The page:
The ages 7 to 11 years mark the phase of concrete operations. During this stage the child changes from egocentric interactions to cooperative interactions. School-age children also develop an increased understanding of concepts that are associated with specific objects, for example, environmental conservation or wildlife preservation. Children at this time develop logical reasoning from intuitive reasoning. For example, they learn to add and subtract to obtain an answer to a problem. Children also learn about cause-and-effect relationships at this stage; for example, they know that a stone will not float because it is heavier than water.
Money is a concept that gains meaning for children when they start school. By the time they are 7 or 8 years old, children usually know the value of most coins. The concept of time is also learned at this stage. By 6 years of age children enter school; the schedule in school helps them learn time periods. However, it is not until 9 or 10 years of age that children are able to understand the long periods of time in the past. Knowing the time of day and the day of the week are relatively easy for children because they relate time to routine activities. For example, a girl may go to school Monday through Friday, play on Saturday, go to Sunday school on Sunday morning, and go out with her father Sunday afternoon. Children are beginning to read a clock by the time they are 6 years old; they can learn to read both digital and numerical clocks.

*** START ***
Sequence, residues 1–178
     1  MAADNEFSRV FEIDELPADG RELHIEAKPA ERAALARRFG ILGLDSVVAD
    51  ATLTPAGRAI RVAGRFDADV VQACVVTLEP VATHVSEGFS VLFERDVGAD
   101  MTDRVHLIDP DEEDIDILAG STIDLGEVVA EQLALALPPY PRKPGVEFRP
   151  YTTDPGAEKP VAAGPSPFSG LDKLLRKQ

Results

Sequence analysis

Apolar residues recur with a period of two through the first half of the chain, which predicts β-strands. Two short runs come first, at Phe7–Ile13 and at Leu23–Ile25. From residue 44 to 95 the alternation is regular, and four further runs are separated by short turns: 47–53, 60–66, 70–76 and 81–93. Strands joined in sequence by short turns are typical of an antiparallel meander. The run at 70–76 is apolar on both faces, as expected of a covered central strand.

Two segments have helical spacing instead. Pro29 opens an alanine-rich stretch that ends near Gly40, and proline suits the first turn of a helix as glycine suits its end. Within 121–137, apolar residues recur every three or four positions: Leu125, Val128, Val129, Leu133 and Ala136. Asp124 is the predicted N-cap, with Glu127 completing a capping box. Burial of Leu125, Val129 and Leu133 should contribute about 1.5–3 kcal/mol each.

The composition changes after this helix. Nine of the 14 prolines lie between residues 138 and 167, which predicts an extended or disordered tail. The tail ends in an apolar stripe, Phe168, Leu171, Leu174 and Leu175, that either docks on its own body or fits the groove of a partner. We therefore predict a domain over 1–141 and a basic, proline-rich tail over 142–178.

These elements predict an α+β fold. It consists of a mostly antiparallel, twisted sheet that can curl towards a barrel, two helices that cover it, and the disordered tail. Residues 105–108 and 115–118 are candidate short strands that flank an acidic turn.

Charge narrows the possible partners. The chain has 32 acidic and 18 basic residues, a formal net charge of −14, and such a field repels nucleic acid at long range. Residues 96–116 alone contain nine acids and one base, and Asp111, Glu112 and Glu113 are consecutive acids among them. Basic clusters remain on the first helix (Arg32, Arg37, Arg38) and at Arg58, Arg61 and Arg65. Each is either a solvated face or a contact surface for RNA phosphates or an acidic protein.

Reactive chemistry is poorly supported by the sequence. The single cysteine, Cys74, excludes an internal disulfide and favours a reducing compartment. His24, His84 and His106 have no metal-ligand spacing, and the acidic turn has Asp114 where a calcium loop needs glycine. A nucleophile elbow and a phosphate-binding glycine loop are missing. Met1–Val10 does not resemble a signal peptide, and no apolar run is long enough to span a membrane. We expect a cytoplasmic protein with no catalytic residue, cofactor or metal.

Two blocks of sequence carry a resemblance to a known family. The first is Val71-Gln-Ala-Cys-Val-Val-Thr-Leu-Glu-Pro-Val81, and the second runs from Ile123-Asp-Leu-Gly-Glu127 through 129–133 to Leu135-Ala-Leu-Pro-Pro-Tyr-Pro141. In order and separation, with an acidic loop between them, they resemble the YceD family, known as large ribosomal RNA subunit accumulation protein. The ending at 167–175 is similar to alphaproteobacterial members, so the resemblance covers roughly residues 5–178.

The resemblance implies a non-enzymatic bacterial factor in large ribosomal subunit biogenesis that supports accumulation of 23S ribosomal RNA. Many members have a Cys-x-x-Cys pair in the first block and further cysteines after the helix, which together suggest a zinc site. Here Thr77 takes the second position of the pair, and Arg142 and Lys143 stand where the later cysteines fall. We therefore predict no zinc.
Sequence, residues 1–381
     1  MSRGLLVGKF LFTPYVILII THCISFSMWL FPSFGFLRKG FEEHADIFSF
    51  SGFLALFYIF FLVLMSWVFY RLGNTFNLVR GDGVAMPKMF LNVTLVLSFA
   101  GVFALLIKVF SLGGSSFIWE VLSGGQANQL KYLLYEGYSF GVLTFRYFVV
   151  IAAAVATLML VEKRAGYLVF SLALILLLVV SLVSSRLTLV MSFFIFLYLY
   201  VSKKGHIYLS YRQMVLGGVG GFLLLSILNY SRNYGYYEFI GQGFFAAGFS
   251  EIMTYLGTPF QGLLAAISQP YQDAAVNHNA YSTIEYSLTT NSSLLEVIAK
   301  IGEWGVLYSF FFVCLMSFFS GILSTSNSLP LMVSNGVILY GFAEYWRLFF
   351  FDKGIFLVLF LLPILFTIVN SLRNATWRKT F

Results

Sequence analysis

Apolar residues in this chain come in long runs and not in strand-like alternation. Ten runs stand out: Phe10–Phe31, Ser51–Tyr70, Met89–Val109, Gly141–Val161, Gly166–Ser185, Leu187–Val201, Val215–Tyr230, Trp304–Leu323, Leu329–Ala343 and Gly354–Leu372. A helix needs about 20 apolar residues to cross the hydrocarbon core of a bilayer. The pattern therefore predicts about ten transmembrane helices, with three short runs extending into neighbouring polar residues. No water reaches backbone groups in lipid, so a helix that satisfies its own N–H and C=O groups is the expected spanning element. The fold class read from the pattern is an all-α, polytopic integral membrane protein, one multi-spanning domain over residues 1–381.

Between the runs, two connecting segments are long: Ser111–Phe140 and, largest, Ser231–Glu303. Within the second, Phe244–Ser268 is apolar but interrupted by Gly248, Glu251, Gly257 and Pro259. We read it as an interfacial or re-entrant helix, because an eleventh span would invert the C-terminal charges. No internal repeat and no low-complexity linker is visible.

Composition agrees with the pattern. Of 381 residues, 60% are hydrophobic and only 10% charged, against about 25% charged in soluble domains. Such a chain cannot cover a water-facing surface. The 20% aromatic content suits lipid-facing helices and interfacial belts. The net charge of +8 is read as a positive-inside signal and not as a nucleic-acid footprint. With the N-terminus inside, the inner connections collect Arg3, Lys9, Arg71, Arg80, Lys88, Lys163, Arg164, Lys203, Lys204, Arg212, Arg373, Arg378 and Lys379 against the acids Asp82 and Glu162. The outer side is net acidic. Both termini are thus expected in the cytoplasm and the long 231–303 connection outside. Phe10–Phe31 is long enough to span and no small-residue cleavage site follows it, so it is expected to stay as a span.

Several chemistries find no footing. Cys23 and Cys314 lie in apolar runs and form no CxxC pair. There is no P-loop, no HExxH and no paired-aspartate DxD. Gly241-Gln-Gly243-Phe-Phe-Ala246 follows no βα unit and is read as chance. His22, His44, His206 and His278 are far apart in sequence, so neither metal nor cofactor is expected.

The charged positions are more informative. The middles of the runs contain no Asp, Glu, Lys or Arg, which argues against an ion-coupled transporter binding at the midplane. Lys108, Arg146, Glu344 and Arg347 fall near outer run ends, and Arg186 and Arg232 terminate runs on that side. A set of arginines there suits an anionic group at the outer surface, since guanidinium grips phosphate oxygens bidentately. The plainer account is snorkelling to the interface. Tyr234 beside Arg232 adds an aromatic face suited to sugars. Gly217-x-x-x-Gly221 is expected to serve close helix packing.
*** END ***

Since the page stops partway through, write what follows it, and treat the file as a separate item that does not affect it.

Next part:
Cognitive abilities mature during adolescence. Between the ages of 11 and 15, the adolescent begins Piaget’s formal operations stage. The main feature of this stage is that people can think beyond the present and beyond the world of reality. Adolescents are highly imaginative and idealistic. They consider things that do not exist but might be and consider ways things could be or ought to be. This type of thinking requires logic, organization, and consistency. In social interactions, adolescents often practice this increasing ability to think abstractly, and parents may misunderstand their child’s intent, seeing the teen as arguing or being contrary, which can lead to unnecessary confusion and conflict.
The adolescent becomes more informed about the world and environment; using new information to solve everyday problems and can communicate with adults on most subjects. The adolescent’s capacity to absorb and use knowledge is great. They usually select their own areas for learning; they explore interests from which they may evolve a career plan. Study habits and learning skills developed in adolescence are used throughout life.
Reading skills are usually well developed later in childhood, and what a child reads is largely influenced by the family. By 9 years of age most children are self-motivated. They compete with themselves, and they like to plan in advance. By 12 years they are motivated by inner drive rather than by competition with peers. They like to talk, to discuss different subjects, and to debate.
A person develops through each of these phases; each phase has its own unique characteristics. In each phase, the person uses three primary abilities: assimilation, accommodation, and adaptation. Assimilation is the process through which humans encounter and react to new situations by using the mechanisms they already possess. In this way, people acquire knowledge and skills as well as insights into the world around them. Accommodation is a process of change whereby cognitive processes mature sufficiently to allow the person to solve problems that were unsolvable before. This adjustment is possible chiefly because new knowledge has been assimilated. Adaptation, or coping behavior, is the ability to handle the demands made by the environment.